The insurance industry was one of the first to adopt automation. Aflac, for example, started using automation technologies in the 1970s to help improve the customer experience, according to Davis.
Aflac is a 60-year-old Fortune 500 company, which sells supplemental medical insurance. It is a giant with over 10,000 employees and 50,000,000 customers worldwide – 75% in Japan and 25% in US.
But, like any other company in any other industry, it is looking to improve its service. As a result, it has invested heavily in automation – “to make processes faster and better for the customer, in a more cost effective way,” explained Davis.
Technology is rapidly revolutionising the world – and consumer expectations are changing even faster as a result.
The silo problem
“Aflac was an expensive siloed environment,” said Davis during the opening keynote session at Pegaworld 2018.
This became increasingly unsustainable in the face of a constantly changing, more complex regulatory environment combined with the growing needs of customers. “We needed to focus on transformation,” said Davis.
As a result, there has been “more change in the last 10 years than in last 60. The way in which we sell has changed, so have to turn to technology,” said Davis.
One of the most common hurdles facing enterprise transformation is the problem of IT disconnect. Aflac was no different, and Davis highlighted a “broken trust between IT and business”. There was a need to change the culture, from a perceived disconnect to collaboration.
“We needed to convince people [from both IT and business] a new way of developing and interacting with each other.”
Business and IT strategies need to align
Aflac’s CEO, Dan Amos, came to Davis and said he wanted claims to be paid out in one day to customers. This, according to Davis, was not possible with her other priorities and the technology available.
In this case, to achieve the aim, both business and IT needed to focus on one priority. Aflac managed to achieve this and customer satisfaction went from 39% to over 79% in three years, as a result.
“We achieved this change of perception, and IT is now a partner with business.”
Aflac works with Pegasystems for its business process management software. And this allowed Davis and her team to deliver on the one-day claim promise.
Working with Pegasystems helped facilitate the collaboration between Aflac’s IT team and the rest of the business.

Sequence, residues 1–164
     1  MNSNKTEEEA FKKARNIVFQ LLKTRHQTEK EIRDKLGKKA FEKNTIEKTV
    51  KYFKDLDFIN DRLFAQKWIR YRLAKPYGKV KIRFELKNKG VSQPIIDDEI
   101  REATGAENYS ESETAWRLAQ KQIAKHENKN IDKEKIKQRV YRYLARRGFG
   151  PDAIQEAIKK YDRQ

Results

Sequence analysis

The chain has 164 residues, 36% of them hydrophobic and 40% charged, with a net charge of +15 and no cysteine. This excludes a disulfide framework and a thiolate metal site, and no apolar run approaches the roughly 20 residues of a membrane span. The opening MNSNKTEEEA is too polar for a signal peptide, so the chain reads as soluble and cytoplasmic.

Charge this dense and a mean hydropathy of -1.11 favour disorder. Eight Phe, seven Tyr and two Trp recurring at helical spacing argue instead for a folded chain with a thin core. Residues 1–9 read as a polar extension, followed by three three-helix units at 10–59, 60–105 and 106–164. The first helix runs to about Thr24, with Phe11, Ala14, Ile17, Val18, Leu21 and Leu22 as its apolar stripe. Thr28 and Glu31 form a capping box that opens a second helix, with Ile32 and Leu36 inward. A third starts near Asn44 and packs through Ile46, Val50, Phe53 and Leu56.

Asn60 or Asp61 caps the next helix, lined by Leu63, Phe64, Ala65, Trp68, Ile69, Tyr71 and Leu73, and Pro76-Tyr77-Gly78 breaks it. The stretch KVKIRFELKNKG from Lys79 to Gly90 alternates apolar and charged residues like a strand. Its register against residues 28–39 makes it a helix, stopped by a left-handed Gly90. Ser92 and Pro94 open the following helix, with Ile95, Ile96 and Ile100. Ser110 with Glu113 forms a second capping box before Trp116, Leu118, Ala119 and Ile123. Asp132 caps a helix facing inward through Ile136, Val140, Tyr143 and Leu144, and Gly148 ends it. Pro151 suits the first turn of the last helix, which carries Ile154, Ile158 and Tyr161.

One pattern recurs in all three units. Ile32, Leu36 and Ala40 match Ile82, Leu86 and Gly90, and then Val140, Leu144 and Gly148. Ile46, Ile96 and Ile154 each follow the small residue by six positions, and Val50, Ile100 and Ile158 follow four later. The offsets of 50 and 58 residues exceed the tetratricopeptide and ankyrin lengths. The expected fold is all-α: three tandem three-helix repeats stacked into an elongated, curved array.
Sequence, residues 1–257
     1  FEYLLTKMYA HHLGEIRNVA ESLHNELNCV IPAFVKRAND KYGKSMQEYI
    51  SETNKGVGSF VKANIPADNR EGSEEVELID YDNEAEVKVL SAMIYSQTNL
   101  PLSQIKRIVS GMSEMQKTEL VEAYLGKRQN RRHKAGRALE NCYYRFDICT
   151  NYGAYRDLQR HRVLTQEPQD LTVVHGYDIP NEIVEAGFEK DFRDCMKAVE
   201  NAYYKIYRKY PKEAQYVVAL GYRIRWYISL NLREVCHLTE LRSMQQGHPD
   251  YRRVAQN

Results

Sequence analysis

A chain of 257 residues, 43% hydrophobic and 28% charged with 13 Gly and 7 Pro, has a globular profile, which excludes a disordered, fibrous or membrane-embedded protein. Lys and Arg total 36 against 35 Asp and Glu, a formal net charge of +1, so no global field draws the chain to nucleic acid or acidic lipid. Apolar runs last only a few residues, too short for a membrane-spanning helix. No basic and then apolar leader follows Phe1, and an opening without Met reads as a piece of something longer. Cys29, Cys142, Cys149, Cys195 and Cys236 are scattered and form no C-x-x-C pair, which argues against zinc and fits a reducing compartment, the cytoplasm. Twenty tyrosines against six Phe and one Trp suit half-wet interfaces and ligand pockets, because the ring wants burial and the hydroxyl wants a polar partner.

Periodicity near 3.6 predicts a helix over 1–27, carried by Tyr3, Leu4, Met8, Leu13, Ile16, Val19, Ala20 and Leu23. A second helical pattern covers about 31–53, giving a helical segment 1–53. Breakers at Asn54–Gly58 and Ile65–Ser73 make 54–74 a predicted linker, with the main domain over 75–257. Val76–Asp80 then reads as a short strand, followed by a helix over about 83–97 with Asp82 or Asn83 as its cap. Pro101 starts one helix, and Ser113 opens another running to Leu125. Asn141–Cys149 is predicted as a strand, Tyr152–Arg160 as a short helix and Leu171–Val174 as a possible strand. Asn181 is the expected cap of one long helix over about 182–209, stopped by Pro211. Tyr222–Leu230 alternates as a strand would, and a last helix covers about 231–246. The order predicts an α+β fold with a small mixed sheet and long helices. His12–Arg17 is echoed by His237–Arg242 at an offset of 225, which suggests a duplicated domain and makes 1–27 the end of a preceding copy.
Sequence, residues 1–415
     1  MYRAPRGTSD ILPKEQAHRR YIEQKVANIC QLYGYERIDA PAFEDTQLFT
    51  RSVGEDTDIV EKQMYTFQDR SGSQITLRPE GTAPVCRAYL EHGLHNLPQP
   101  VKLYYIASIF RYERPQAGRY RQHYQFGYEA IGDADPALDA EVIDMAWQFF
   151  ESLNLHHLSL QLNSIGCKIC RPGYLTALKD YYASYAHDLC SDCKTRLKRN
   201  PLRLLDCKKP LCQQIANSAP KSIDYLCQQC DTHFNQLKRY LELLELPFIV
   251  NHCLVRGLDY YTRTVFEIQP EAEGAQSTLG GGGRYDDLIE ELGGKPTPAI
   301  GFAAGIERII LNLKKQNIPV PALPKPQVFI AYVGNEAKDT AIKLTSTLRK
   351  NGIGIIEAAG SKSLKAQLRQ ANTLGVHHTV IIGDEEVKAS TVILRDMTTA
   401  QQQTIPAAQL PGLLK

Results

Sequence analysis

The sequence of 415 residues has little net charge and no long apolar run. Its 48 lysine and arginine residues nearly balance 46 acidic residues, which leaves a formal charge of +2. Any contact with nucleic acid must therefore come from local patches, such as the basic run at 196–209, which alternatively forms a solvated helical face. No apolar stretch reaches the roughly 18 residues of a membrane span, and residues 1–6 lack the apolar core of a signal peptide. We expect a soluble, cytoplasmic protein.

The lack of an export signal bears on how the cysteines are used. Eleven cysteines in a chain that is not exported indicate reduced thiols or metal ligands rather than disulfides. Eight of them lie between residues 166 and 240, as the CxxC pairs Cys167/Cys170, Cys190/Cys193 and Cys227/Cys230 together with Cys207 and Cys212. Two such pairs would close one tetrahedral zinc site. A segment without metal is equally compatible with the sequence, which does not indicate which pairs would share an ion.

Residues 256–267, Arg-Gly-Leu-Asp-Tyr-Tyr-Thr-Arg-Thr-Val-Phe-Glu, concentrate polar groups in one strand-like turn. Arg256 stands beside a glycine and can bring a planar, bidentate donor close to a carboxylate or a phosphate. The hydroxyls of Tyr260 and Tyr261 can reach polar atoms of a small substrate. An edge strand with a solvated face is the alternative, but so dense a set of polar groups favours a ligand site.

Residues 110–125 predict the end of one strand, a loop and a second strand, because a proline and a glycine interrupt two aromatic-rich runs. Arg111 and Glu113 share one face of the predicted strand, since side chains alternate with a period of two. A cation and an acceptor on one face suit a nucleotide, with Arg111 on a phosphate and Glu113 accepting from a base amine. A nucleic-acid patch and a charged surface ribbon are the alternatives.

Speaking back in 2016, Davis said [of working with Pega] that it is “an opportunity for us to focus on enterprise-wide tool sets, platforms that we can use to run a lot of our business rules and processes through.”
“A lot of [the technology] we once used was from many years ago – a lot of standalone technology, a lot of custom code development. Quick and dirty, get in, and then figure out how to integrate it later. So we’re using [Pega] and other enterprise platforms to modernise our architecture and deploy new business capabilities faster and more securely by emphasising configuration over custom development wherever possible.”
“Modern platforms like Pega allow us to respond quicker to the marketplace and our regulatory environment.”
“It helps us build a common foundation that we can leverage across our multiple lines of business.”
Investment in training key for transformation
Davis went on to stress the importance of training as companies enter into the process of digital transformation: “Transformation is not just about technology, it is about transforming the process.”
She later made clear, in a panel at Pegaworld, the importance of agile training. “Jobs today will change, that’s what happens with technology innovation.”
The next big challenge for Davis is continuing to drive innovation in insurance. It’s important to think about investments – whether that’s in people or technology – from a different, customer-orientated perspective.
Information Age will be at Pegaworld all week, covering the latest announcements from Pegasystems and its customers, all surrounding the topic of driving change through digital transformation